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Tuberculosis One untreated Tuberculosis (TB) is a serious and sometimes lethal infectious bacterial disease which most commonly affects the lungs. It is caused by various strains of mycobacteria, usually Mycobacterium tuberculosis. person with TB can infect 10-15 other individuals per year Around 200 people in the EU are diagnosed with TB every day How is it transmitted? Mainly transmitted from person to person through the air. When someone with active pulmonary TB coughs, sneezes, spits or speaks, infected droplets can be projected into the air. Inhaled bacteria can then lodge in the lungs and cause TB. In general, the closer and more frequent the contact, the higher the chance of transmission. Tubercle bacilli ingested by macrophages but survive inside What treatments are there? Tuberculosis is a curable disease but TB bacteria are difficult to Inflammation response brings more defensive cells to the area. Alveolar walls damaged by cytokines eliminate. Standard treatment lasts at least six months and consists of a combination of antibiotics. It can have adverse reactions and should be followed thoroughly to be effective. Is it preventable? Good cough hygiene reduces transmission. Vaccination pro- vides some protection against TB. It is primarily given to infants to protect against severe forms of TB. Transmission of TB is Tubercle formed with caseous center. Tubercle ruptures, bacteria spread to other parts of lungs and other organs prevented best by quickly detect- ing and treating people with infec- tious pulmonary tuberculosis. What are the symptoms? Cough with sputum, sometimes with blood, chest pain and weakness. Other unspecific symptoms include: weight loss, fatigue, lethargy, fever and night inside the lungs outside the lungs sweats. If the infection occurs outside of the lungs, symptoms are related to the site of the disease: For example, TB in the vertebral column can cause back pain; TB in the lymph nodes can cause enlargement of the lymph nodes in the neck, armpit or groin; TB in the kidney can cause blood in the urine or have the same Extrapulmonary tuberculosis can present with symptoms as a regular urinary tract infection. a variety of symptoms that may mimic symptoms of other diseases Inhaled bacteria travel via the circulatory and lymphatic systems to other parts of the body. When the infection occurs somewhere other than the lungs, the disease is called: Extrapulmonary tuberculosis Gastro- intestinal tract Children are at least twice as likely to be reported with extrapulmonary TB as adults Bone It can affect any part of the body Lymph nodes outside of the lungs Pleura Common sites of extrapulmonary TB are: Urogeni- tal tract Patients with extrapulmonary tuberculosis Spine are usually not infectious Tuberculous meningitis causes substantial Meninges mortality and morbidity in children and adults Easy to miss: Depending on where it is in the body, obtaining a sample to confirm the diagnosis can be extremely difficult Symptoms are unspecific and clinicians may not consider it in their differential diagnosis 1 in every 5 tuberculosis patients has extrapulmonary tuberculosis ecoc UROPAN CENTR FOR Data from the ECDC/WHO Europe Tuberculosis Surveillance and Monitoring in Europe 2013. Stockholm, 2013 O 199E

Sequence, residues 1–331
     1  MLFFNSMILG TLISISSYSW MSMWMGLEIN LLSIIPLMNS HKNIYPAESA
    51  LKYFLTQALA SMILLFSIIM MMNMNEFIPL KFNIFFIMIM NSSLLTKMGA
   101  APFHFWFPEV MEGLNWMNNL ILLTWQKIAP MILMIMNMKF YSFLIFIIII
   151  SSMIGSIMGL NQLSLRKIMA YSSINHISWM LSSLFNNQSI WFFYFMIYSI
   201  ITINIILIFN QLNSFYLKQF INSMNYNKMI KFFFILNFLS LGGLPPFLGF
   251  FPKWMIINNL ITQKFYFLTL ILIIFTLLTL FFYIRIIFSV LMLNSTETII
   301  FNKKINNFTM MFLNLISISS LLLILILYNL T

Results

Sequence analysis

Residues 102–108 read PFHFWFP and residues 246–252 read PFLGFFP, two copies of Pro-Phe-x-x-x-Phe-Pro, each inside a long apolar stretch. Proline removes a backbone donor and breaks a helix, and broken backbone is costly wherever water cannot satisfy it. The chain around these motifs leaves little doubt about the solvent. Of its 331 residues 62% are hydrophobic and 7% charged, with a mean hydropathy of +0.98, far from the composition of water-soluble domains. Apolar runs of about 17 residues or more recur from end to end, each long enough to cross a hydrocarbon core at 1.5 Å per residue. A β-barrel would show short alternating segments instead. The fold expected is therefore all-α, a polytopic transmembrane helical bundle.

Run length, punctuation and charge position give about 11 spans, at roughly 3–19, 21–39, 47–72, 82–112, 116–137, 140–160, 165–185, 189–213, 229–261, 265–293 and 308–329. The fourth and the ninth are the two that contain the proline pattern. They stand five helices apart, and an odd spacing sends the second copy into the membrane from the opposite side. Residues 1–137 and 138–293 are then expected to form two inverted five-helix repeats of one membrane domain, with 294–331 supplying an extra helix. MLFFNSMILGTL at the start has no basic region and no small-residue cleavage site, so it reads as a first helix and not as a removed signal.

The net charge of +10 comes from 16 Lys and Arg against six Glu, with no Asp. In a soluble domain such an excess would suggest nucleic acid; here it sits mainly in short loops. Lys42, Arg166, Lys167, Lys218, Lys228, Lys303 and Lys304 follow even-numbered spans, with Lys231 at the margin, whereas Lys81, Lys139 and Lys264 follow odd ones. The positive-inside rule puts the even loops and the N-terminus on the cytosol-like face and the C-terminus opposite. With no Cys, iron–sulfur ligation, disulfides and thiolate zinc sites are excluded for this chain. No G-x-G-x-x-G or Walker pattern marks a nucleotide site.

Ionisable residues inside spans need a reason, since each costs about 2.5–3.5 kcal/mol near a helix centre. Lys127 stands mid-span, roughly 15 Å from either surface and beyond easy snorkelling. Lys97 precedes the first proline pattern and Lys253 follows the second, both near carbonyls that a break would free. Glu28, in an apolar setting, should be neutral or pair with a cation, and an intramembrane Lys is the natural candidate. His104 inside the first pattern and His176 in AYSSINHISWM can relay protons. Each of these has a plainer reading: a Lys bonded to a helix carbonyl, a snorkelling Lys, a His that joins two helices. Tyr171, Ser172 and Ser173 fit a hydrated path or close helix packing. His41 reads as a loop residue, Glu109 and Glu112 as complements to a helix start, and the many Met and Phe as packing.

shared by arnehaeger on Nov 28
Tuberculosis - 1 in 5 has Extrapulmonary Tuberculosis. ECDC - European Centre for Disease Prevention and Control




Arne Haeger


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